Kicked the bucket… pushing up the daisies, passed away…These euphemisms reflect our reluctance to talk about death. Why is it that as a society we think it is morbid to talk openly about death and dying? For the Victorians, death was commonplace, a part of life. Nowadays due to advances in medical treatments, improved nutrition and living conditions we are living longer than ever before. Whilst longevity is something to be celebrated, death being less frequent and unfamiliar has ultimately increased its taboo.
Healthcare workers especially doctors and nurses are at the forefront of dealing with death and dying and can potentially play a major role in supporting the dying person and family. However, as a palliative care nurse and nurse lecturer Alexandra has discovered that many health professionals and nursing students are not immune to the societal taboo surrounding death, and are themselves fearful of expressing the associated unease when dealing with such emotive situations. In order to help reduce this taboo, the innovative and unique piece of theatre no more cherry blossom has been created. Her aim when performing this piece is to speak to health professionals and the general population about the importance of greater openness about death and the consequences of not having those essential end of life conversations.
No More Cherry Blossom creatively explores the subject of death, a sensitive topic but one which every person is curious about. The message from this piece speaks to the individual and all communities both national and international. Alexandra has received a great deal of interest from both UK and international academics. Her monologue No more cherry blossom has also been translated into Japanese and recently been performed in both Osaka and Tokyo universities. It is currently being utilised as part of a postgraduate ethics module at Tokyo University.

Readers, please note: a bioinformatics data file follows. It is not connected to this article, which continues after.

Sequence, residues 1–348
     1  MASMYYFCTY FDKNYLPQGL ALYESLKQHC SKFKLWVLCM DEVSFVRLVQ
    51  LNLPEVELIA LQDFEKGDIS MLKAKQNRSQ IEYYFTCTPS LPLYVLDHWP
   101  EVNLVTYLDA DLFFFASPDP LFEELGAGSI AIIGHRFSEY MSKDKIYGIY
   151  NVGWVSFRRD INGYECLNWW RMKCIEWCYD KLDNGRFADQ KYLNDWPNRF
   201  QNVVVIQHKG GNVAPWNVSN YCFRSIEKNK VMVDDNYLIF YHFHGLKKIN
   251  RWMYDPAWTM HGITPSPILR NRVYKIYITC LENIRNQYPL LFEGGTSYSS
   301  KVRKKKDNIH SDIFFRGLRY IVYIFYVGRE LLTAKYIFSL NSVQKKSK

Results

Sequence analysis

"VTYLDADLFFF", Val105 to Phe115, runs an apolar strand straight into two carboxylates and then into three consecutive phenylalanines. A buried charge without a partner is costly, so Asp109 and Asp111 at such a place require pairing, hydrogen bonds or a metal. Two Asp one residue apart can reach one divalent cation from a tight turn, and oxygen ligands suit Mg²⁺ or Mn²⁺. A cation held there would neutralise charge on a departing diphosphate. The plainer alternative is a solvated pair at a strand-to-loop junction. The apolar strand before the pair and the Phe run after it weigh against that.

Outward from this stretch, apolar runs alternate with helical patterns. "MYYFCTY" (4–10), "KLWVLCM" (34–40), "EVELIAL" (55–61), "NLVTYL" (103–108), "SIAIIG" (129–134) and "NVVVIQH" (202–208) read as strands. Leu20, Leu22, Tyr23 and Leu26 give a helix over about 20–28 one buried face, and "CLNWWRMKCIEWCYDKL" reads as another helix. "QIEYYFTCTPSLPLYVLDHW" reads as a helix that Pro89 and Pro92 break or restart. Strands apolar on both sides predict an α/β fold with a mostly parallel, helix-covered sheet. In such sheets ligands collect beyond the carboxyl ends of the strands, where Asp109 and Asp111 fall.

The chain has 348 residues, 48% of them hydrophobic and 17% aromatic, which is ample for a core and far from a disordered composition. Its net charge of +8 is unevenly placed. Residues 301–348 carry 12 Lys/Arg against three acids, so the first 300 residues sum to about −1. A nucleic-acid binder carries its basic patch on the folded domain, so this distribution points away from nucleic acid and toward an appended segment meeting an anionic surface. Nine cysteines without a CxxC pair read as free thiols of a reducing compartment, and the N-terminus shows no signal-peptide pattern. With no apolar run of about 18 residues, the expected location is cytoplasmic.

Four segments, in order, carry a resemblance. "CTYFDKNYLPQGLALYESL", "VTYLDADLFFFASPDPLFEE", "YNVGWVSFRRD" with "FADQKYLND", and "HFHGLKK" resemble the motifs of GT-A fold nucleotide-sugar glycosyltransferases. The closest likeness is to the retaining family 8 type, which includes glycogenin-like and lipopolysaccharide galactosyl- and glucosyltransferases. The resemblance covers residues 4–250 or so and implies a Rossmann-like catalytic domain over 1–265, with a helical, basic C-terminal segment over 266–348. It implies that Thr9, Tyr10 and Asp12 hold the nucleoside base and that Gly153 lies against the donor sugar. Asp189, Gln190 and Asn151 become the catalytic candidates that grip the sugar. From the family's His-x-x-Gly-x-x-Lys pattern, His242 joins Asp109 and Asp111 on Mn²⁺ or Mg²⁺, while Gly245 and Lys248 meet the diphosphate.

This event is part of Edge Hill University’s annual Festival of Ideas. Programmed by the University’s three Research Institutes, ISR, ICE and HRI, this year the festival will explore the theme of Exchanges: Creativity, Community, Curiosity.
The exchange of ideas is the fuel of the knowledge and creative economy. Locally, nationally and internationally we are all involved in sharing concepts, swapping insights, and trading opinions. This year’s festival explores communication, reciprocity, and transactions in all areas, from policy making to healthcare, social enterprise to cultural production. Be the exchange you want to see
More information about the festival and the full programme of events is available here